Triglycerides are a type of blood fat. High levels of triglycerides are linked with an increased risk for heart disease and diabetes. Eggs are a source of healthy fats that can help lower triglyceride levels.
A study on healthy people showed that consuming one egg every day for six weeks did not increase blood triglycerides. People who regularly consumed eggs had lower triglyceride levels than those who did not.
They Can Lower Your Stroke Risk
Evidence suggests that people who regularly eat eggs have a lower risk for stroke. In one study, researchers examined data from more than 90,000 people aged 35–80 and found that those who ate more eggs had a lower risk of stroke compared to people who ate fewer eggs. Eating two eggs per week was linked with a reduced risk of stroke while eating seven eggs per week was not.
Experts believe that eggs have a positive impact on stroke risk because they are a good source of choline, a nutrient that helps break down the molecules in the blood that can lead to stroke.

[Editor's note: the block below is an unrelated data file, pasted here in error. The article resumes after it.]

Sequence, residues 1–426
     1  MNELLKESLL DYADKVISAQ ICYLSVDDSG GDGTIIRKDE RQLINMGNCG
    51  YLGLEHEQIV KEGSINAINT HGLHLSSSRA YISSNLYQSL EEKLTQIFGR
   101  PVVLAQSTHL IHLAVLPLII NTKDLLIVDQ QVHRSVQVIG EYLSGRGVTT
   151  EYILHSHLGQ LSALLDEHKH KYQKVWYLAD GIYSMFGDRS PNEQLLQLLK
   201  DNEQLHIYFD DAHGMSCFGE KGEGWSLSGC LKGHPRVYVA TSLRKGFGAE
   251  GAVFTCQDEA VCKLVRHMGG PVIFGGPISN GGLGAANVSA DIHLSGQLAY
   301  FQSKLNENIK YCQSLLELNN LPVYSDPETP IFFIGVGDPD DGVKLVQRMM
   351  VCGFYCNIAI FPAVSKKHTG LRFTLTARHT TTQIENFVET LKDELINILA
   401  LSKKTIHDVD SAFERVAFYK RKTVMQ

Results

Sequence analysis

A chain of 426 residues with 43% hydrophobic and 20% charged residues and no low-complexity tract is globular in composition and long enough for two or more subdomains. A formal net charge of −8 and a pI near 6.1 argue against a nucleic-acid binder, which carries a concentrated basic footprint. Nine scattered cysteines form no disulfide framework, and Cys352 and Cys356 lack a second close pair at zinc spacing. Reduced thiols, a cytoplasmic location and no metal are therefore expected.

It’s a nutrient-dense food
Eggs are one of the most nutrient-dense foods on the planet. They are packed with vitamins, minerals, and powerful antioxidants. A large egg has about 78 calories and 6 grams of protein. It also has 1.5 grams of saturated fat, no cholesterol, and vitamins A and B2.
Eggs are also a good source of minerals like selenium, zinc, iron, and magnesium. Researchers estimate that if people ate more eggs as part of a healthy diet, they could reduce their risk of heart disease by 15–20%.
A complete protein is offered by them
Protein is an essential nutrient. It’s necessary for growth and repair, and it’s present in every cell in the body. Animal-based foods, like eggs, are rich in protein and health-promoting nutrients. Plant-based foods, like legumes and grains, also contain protein, but they do not contain all of the essential amino acids needed to build healthy bodies.